A graduate of Kennedy-King, one of the City Colleges of Chicago, Cindy Alvarez is 42 and has five children; she is the first in her family to go to college. When she graduated in May, she was also Kennedy-King’s valedictorian.
But Alvarez was also a frequent customer and an employee at CCC’s food pantry. Regular and free access to food played a huge role in allowing her to focus on her studies.
“It was very exciting to have the ability to go to school, but at the same time it is an extra pressure on the budget,” she says. “I saw the food court and the campus restaurants, but I could not afford that. I used the food pantry like many of our adult students do because we have to go home and feed our families.”
Alvarez is not alone. A 2019 survey from Temple University’s Hope Center for College, Community, and Justice found that 45 percent of student respondents from over 100 institutions said they had been food insecure in the past 30 days.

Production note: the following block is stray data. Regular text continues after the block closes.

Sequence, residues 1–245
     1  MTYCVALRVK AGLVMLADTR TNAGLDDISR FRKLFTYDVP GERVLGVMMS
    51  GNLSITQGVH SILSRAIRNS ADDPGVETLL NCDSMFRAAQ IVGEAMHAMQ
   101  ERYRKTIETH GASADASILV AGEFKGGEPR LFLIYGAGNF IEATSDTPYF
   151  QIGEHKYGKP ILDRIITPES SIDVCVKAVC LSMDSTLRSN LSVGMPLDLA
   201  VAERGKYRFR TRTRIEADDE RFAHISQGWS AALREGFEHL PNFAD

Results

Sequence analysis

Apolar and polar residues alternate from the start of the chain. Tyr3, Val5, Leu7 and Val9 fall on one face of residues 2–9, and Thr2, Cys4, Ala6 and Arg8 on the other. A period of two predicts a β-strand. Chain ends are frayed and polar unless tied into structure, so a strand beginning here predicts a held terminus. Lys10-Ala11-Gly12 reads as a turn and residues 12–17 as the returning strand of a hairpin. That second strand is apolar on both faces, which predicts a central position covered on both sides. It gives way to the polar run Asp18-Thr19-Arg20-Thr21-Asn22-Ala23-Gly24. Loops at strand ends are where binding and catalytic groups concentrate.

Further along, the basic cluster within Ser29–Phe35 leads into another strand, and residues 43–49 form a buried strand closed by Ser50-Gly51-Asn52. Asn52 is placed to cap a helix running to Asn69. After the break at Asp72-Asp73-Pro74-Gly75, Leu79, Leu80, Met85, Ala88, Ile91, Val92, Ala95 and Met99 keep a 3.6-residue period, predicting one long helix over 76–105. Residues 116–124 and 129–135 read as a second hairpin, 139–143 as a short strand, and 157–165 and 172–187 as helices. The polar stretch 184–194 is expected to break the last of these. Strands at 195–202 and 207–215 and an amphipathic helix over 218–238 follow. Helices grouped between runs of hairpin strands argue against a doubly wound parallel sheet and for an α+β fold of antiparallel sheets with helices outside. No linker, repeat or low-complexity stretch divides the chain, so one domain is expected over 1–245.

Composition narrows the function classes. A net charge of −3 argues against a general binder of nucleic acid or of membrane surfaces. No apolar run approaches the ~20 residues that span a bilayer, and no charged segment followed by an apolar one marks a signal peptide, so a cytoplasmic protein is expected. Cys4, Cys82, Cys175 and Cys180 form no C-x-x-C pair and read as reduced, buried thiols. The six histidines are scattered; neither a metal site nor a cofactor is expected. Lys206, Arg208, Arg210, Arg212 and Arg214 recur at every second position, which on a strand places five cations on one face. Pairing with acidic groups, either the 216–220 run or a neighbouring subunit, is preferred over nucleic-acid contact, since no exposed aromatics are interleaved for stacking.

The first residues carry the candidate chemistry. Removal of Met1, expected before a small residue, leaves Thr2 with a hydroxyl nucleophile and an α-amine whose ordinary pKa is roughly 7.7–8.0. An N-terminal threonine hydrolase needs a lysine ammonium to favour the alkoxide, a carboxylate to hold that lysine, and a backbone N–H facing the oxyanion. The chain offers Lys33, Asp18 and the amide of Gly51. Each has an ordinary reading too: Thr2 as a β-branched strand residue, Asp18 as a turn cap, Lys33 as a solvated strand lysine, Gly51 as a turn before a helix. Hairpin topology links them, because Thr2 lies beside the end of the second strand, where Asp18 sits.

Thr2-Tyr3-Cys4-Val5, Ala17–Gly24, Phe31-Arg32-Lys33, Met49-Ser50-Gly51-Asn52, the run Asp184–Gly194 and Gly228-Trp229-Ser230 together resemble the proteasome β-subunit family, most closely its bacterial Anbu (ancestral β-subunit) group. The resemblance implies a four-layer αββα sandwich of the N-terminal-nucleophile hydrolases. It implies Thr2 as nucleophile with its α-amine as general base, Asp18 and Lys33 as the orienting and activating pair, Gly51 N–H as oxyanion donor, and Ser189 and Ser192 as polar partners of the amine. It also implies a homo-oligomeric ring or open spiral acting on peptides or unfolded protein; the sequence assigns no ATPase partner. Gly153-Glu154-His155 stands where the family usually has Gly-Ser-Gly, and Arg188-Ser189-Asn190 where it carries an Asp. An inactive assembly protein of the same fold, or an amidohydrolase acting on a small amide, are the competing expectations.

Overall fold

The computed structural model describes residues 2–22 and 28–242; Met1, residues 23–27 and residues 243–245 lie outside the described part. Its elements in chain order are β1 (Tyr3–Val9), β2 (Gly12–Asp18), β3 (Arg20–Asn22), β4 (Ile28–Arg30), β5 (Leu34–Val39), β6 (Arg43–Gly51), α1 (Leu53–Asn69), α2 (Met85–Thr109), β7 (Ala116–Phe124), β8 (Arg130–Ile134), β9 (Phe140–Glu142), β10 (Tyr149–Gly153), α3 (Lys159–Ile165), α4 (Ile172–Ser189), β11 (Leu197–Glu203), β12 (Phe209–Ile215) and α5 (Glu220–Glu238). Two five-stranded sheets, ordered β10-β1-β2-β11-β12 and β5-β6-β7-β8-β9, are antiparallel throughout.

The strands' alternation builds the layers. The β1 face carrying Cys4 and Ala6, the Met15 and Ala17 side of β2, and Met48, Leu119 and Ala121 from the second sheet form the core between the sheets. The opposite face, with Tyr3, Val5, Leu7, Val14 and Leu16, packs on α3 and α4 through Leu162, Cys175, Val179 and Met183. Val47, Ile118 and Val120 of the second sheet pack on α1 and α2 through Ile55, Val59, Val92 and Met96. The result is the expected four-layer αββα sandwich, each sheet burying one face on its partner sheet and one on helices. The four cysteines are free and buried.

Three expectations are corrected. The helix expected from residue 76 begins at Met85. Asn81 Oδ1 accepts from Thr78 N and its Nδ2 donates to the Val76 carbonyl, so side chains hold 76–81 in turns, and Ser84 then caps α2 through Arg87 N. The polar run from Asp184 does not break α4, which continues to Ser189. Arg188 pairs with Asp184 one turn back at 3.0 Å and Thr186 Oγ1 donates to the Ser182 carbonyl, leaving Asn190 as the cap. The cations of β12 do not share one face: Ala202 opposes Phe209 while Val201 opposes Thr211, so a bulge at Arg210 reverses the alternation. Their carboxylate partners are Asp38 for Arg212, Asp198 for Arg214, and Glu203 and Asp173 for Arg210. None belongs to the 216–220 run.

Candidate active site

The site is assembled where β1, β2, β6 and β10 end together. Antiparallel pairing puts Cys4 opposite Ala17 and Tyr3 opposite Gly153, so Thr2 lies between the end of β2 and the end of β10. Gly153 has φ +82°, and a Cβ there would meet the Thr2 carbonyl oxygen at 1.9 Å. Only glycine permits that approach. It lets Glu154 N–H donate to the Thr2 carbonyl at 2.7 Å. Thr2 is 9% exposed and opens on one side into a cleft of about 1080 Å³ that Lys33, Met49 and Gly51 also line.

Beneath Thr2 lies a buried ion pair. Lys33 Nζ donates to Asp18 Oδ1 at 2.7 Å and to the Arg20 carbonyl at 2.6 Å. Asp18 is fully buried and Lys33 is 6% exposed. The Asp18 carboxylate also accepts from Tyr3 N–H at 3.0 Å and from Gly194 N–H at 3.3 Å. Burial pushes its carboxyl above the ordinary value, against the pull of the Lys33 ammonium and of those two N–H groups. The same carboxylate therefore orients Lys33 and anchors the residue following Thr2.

According to a report by the National Student Campaign Against Hunger & Homelessness, of the college students who are food insecure, 53 percent reported missing a class, 54 percent missed a study session, 55 percent opted out of extracurricular activities, and 25 percent had to drop a class due to hunger. The report also found that 57 percent of black students reported food insecurity, compared to 40 percent of white students.
Most solutions to food insecurity among college students focus on two areas: increasing access via food banks or pantries, food scholarships, and implementing swipe-sharing programs and benefits apps. The second involves changing underlying policy, like expanding the National School Lunch Program and adjusting eligibility for SNAP benefits.
Advocates emphasize that both lanes — food access and policy — must be pursued to mitigate the crisis. “Any effective approach has to be holistic,” says Liz Accles, director of Community Food Advocates, the nonprofit that achieved universal free lunch for all public school children in New York City.